U.S. warned to end search for 3 soldiers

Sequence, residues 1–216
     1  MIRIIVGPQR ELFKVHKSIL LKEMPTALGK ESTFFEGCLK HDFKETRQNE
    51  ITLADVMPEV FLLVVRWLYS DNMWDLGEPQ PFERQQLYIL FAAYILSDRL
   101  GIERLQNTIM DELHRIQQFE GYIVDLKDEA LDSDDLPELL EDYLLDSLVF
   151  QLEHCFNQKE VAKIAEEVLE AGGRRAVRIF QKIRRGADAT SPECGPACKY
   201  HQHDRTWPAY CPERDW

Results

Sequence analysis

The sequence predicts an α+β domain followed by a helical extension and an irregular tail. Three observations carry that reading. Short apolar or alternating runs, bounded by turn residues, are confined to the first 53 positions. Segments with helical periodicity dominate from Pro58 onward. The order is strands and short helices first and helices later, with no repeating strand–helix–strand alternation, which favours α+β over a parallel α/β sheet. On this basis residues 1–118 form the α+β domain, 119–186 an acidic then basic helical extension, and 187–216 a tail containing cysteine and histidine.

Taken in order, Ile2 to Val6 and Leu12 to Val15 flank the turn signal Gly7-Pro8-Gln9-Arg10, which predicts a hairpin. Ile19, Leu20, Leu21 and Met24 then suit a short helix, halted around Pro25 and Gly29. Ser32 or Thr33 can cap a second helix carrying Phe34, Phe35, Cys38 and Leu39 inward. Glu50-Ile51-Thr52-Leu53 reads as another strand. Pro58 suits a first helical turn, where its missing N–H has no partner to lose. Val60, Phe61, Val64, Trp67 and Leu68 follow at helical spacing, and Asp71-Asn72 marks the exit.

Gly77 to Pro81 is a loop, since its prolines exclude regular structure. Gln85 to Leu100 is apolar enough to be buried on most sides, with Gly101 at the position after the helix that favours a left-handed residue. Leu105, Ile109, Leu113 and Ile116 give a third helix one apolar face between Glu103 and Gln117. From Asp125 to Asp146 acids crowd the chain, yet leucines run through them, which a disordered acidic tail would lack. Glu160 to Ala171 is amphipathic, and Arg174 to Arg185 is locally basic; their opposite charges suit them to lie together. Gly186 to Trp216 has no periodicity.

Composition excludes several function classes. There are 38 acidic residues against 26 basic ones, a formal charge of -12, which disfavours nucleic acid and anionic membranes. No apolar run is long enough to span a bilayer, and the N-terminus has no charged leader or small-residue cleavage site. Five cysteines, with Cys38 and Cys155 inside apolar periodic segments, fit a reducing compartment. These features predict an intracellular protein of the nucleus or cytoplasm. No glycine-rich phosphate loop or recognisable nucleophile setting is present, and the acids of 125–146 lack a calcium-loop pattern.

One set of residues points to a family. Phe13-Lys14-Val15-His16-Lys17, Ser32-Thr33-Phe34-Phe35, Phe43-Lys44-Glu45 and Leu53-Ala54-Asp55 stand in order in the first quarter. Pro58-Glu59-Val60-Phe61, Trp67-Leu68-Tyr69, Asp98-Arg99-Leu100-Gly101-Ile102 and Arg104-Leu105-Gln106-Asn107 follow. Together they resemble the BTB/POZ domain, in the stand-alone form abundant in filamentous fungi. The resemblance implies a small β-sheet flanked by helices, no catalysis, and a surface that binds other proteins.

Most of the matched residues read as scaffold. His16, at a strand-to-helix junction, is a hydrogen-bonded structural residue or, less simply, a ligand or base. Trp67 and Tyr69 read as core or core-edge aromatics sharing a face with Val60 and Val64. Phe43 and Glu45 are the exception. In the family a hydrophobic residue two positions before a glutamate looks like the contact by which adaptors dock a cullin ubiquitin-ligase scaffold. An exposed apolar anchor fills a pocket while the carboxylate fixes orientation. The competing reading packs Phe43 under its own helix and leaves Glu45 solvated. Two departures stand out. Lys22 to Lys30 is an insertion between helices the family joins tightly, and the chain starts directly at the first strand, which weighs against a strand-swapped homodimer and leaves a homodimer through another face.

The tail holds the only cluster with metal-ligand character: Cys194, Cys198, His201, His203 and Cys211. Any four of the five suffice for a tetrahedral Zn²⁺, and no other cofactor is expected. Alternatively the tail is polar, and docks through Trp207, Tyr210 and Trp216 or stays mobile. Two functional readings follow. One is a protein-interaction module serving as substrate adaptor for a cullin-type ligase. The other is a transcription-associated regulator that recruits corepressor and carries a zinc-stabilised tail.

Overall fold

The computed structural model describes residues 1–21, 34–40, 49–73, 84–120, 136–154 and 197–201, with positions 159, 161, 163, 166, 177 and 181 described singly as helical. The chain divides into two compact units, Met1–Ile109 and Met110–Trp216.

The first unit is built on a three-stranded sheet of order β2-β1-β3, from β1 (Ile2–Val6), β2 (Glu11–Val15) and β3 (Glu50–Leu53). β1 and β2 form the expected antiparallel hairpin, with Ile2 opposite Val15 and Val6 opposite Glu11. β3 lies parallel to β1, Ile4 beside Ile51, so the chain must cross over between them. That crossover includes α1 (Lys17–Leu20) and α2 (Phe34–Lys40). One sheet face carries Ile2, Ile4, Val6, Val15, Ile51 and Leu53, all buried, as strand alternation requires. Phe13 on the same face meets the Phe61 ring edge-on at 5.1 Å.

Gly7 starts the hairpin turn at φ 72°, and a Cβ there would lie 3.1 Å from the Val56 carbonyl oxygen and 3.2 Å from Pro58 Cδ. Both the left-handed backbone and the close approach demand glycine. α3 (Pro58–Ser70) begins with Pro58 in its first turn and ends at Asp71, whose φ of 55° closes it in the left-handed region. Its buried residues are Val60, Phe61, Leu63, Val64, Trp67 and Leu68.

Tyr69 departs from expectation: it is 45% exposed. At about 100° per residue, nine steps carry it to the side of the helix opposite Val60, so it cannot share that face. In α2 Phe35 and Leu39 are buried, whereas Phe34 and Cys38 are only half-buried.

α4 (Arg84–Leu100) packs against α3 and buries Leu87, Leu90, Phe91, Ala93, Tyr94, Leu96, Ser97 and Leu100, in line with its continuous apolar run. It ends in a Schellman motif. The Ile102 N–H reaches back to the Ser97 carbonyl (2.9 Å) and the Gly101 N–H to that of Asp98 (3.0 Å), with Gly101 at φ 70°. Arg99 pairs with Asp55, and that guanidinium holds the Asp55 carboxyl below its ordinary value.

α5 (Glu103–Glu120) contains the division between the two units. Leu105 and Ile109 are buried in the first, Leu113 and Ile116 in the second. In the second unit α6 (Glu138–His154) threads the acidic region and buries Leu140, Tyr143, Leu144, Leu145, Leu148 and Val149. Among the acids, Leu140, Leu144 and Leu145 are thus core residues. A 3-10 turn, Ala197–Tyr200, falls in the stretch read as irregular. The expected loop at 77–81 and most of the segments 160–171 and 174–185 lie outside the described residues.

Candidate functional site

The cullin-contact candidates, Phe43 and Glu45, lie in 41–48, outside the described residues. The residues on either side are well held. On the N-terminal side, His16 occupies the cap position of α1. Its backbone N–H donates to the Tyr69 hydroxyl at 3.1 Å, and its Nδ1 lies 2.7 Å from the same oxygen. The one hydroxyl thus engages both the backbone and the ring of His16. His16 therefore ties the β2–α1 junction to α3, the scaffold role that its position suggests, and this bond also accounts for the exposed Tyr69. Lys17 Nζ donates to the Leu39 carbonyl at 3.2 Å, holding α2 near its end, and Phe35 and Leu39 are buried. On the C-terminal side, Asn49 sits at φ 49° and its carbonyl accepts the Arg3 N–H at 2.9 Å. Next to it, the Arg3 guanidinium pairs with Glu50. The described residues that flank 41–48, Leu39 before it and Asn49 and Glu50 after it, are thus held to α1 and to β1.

first_imgBAGHDAD, Iraq – The search for three missing American soldiers abducted after an attack south of Baghdad continued Monday as the al-Qaida group that claimed responsibility for the ambush said the soldiers would never be found. “What you are doing searching for your soldiers will be in vain and lead to nothing but fatigue and unrest,” said a statement posted on jihadist Web sites by the Islamic State of Iraq, an umbrella insurgent group that includes al-Qaida in Mesopotamia. “Your soldiers are in our hands. If you desire safety do not look for them.” The statement suggested the group was reveling in a manhunt that required a hefty deployment of resources at a time when Congress has pressed the American military to show progress here by September. About 4,000 American soldiers have been scouring the orchards and villages near Mahmudiya, a predominantly Sunni Arab farming town where the attack occurred early Saturday. A similar search involving 8,000 soldiers last June for two American soldiers captured in a town nearby forced commanders to cancel or delay operations in other parts of Iraq until after they were found dead four days later. On Monday, the American military reported the deaths of four American soldiers, a Marine and an airman throughout Iraq. Maj. Gen. William B. Caldwell IV, the top military spokesman in Baghdad, said the search effort would continue. Of the four American soldiers and one Iraqi soldier who died in the ambush, he said in a statement, one American was still unidentified. “We are using every asset and resource available to the United States and our Iraqi allies in these efforts,” he said. He confirmed American officials believe “al-Qaida or an affiliate group” engineered the abduction. He said it took 56 minutes for reinforcements to arrive at the scene of the ambush because the first and second units sent to assist discovered roadside bombs along the way. He also said that “elements of the same unit” that was attacked heard the initial explosion at 4:44 a.m., suggesting the two Humvees burned at the scene had not been traveling alone. Typically, American convoys include at least three vehicles. Two Iraqi security officials in the area, speaking on the condition of anonymity because they were not authorized to speak to reporters, said that five Humvees were on a rural road in predawn darkness when a roadside bomb exploded near the fourth, setting it ablaze. As gunmen stormed the fifth Humvee, abducting the three soldiers, the first three vehicles continued on. American military officials did not confirm the account. Procedures for handling attacks vary; some commanders tell units to drive through ambushes and call for backup. The statement from the Islamic State of Iraq was its second regarding Saturday’s attack, and it called the war in Iraq “a competition,” according to a translation by the Site Institute, which tracks jihadist Web sites. The abduction, it suggested, was an effort to even the score after Caldwell’s announcement earlier this month that American troops had killed Muharib Abdul Latif al-Jubouri, a senior leader of al-Qaida in Mesopotamia. It went on to cite the rape last year of a teenage girl by American troops near where the abduction occurred. A similar statement was issued during the search for the two American soldiers captured in June. It came from the Mujahedeen Shura Council, an umbrella insurgent group that was a precursor to the Islamic State of Iraq and included al-Qaida in Mesopotamia. It was released roughly a month after a four-day search led to the discovery of the soldiers’ bodies on a booby-trapped road a few miles from where they had been abducted. In a sign of what might be to come, that statement accompanied a video that showed the soldiers’ mutilated bodies wearing tattered green army uniforms. One of the soldiers in the video had been decapitated. The area south of Baghdad where both abductions of soldiers occurred, known as the “triangle of death,” has been perpetually difficult for the American military to control. 160Want local news?Sign up for the Localist and stay informed Something went wrong. Please try again.subscribeCongratulations! You’re all set!last_img

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